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  • Author or Editor: John G. W. Kelley x
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Colin Ware, John G.W. Kelley, and David Pilar

Considerable effort has gone into building numerical weather and ocean prediction models during the past 50 years. Less effort has gone into the visual representation of output from those forecast models and many of the techniques used are known to be ineffective. The effectiveness of a data display depends on how well critical patterns can be perceived. This paper outlines a set of perceptual principles for what makes a good representation of a 2D vector field and shows how these principles can be used for the portrayal of currents, winds, and waves. Examples are given from a series of evaluation studies that examine the optimal representation of these variables. The results suggest that for static graphic presentations, equally spaced streamlines may be optimal. If wind barbs are curved to follow streamlines, perception of local wind speed and direction as well as the overall pattern is improved. For animated portrayals of model output, animated streamlets can perceptually separate layers of information so that atmospheric pressure and surface temperature can clearly be shown simultaneously with surface winds.

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John G. W. Kelley, Joseph M. Russo, J. Ronald Eyton, and Toby N. Carlson

A technique called Model Output Enhancement (MOE) has been developed for the generation and display of mesoscale weather forecasts. The MOE technique derives mesoscale or high-resolution (order of 1 km) weather forecasts from synoptic-scale numerical weather-prediction models by modifying model output with geophysical and land-cover data. Mesoscale forecasts generated by the MOE technique are displayed as color-class maps overlaid on perspective plots of terrain. The MOE technique has been demonstrated in the generation of mesoscale maximum-temperature and minimum-temperature forecasts for case-study days of clear-sky conditions over the Commonwealth of Pennsylvania. The generated forecasts were evaluated using data from selected climatological stations.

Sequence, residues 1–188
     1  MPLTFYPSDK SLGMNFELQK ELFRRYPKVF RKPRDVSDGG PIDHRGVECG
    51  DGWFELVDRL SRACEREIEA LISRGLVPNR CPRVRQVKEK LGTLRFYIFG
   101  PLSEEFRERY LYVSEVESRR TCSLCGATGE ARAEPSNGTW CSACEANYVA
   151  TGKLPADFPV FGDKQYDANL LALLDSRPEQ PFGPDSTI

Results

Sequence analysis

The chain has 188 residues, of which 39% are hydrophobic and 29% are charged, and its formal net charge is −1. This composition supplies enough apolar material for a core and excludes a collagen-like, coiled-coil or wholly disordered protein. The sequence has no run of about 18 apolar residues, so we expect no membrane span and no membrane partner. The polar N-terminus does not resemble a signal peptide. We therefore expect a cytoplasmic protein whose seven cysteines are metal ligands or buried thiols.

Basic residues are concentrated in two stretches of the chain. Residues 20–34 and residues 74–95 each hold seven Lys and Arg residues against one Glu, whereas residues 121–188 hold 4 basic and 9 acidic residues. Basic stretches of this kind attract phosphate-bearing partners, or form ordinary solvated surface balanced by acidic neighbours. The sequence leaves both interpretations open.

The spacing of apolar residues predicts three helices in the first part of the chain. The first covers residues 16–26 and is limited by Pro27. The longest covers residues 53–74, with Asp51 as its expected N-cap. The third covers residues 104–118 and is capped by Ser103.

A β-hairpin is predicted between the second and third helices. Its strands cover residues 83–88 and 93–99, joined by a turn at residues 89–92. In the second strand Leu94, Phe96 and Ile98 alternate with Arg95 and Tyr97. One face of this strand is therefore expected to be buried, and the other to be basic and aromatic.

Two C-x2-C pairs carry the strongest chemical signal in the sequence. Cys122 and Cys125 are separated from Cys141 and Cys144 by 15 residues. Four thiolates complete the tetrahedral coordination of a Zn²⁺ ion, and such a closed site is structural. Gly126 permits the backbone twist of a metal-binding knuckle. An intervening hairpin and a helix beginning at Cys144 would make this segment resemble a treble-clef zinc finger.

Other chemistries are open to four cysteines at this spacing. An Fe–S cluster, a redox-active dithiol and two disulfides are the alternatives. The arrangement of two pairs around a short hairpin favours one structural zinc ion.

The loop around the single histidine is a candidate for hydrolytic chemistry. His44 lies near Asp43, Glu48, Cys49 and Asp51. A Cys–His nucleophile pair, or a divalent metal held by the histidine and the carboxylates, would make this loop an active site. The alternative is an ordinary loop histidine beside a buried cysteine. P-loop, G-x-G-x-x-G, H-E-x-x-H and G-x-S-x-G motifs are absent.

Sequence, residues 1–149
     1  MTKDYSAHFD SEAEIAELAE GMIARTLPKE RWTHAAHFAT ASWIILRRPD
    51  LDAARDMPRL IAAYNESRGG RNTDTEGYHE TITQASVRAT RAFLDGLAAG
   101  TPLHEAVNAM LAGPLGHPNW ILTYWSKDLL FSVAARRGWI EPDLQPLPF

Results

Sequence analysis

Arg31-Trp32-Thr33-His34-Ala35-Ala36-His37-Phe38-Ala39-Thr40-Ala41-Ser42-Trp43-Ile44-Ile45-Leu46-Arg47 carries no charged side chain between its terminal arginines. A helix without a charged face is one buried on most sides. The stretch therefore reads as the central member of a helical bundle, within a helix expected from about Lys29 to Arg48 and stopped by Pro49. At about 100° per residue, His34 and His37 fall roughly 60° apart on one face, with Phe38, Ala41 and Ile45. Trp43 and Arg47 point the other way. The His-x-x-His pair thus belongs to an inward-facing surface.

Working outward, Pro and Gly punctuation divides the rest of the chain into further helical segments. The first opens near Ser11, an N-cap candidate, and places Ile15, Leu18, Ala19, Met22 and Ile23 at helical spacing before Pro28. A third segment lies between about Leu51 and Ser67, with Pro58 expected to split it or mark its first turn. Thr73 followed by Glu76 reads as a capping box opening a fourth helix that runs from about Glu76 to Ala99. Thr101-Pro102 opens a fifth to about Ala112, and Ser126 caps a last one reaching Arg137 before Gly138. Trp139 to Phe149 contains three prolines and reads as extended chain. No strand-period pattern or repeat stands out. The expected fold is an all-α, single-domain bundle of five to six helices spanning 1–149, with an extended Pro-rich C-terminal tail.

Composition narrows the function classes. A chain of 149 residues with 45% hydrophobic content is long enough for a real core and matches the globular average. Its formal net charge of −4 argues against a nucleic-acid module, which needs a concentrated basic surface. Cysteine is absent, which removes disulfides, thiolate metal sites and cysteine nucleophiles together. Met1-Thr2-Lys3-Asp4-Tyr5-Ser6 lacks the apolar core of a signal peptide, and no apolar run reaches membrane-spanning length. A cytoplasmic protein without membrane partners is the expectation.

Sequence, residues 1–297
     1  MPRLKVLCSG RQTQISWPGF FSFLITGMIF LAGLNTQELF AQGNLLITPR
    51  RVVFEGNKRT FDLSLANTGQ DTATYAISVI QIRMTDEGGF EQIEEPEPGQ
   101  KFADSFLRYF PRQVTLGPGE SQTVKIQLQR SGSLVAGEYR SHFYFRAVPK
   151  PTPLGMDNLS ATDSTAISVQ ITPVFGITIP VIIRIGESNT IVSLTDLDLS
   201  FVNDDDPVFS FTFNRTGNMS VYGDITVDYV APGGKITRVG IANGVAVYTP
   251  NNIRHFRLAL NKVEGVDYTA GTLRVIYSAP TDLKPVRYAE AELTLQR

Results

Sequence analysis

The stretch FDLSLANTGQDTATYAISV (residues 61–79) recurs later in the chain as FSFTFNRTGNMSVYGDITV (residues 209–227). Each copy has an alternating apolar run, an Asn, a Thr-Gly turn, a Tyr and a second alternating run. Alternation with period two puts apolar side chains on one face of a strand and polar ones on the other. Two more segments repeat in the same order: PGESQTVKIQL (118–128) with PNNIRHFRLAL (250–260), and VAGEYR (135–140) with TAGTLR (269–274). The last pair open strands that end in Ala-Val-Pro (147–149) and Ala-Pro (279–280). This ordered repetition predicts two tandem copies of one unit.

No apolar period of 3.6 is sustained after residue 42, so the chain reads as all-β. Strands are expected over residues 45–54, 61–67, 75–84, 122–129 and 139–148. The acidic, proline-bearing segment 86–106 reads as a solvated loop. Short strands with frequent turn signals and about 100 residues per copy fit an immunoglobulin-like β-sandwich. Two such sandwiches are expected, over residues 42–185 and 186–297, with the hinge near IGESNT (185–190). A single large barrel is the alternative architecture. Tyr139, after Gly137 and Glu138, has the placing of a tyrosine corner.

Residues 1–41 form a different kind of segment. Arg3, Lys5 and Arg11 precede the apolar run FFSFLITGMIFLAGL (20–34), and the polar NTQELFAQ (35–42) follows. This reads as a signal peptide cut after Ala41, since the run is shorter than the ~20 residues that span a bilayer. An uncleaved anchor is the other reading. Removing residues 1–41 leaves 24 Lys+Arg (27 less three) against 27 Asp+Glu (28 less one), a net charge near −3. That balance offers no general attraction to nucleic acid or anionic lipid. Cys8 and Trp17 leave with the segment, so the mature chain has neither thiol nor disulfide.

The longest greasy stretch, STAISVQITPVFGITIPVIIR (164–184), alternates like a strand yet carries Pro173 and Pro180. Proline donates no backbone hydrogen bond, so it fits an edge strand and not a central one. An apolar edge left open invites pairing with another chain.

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Suzanne Van Cooten, Kevin E. Kelleher, Kenneth Howard, Jian Zhang, Jonathan J. Gourley, John S. Kain, Kodi Nemunaitis-Monroe, Zac Flamig, Heather Moser, Ami Arthur, Carrie Langston, Randall Kolar, Yang Hong, Kendra Dresback, Evan Tromble, Humberto Vergara, Richard A Luettich Jr., Brian Blanton, Howard Lander, Ken Galluppi, Jessica Proud Losego, Cheryl Ann Blain, Jack Thigpen, Katie Mosher, Darin Figurskey, Michael Moneypenny, Jonathan Blaes, Jeff Orrock, Rich Bandy, Carin Goodall, John G. W. Kelley, Jason Greenlaw, Micah Wengren, Dave Eslinger, Jeff Payne, Geno Olmi, John Feldt, John Schmidt, Todd Hamill, Robert Bacon, Robert Stickney, and Lundie Spence

The objective of the Coastal and Inland Flooding Observation and Warning (CI-FLOW) project is to prototype new hydrometeorologic techniques to address a critical NOAA service gap: routine total water level predictions for tidally influenced watersheds. Since February 2000, the project has focused on developing a coupled modeling system to accurately account for water at all locations in a coastal watershed by exchanging data between atmospheric, hydrologic, and hydrodynamic models. These simulations account for the quantity of water associated with waves, tides, storm surge, rivers, and rainfall, including interactions at the tidal/surge interface.

Within this project, CI-FLOW addresses the following goals: i) apply advanced weather and oceanographic monitoring and prediction techniques to the coastal environment; ii) prototype an automated hydrometeorologic data collection and prediction system; iii) facilitate interdisciplinary and multiorganizational collaborations; and iv) enhance techniques and technologies that improve actionable hydrologic/hydrodynamic information to reduce the impacts of coastal flooding. Results are presented for Hurricane Isabel (2003), Hurricane Earl (2010), and Tropical Storm Nicole (2010) for the Tar–Pamlico and Neuse River basins of North Carolina. This area was chosen, in part, because of the tremendous damage inflicted by Hurricanes Dennis and Floyd (1999). The vision is to transition CI-FLOW research findings and technologies to other U.S. coastal watersheds.

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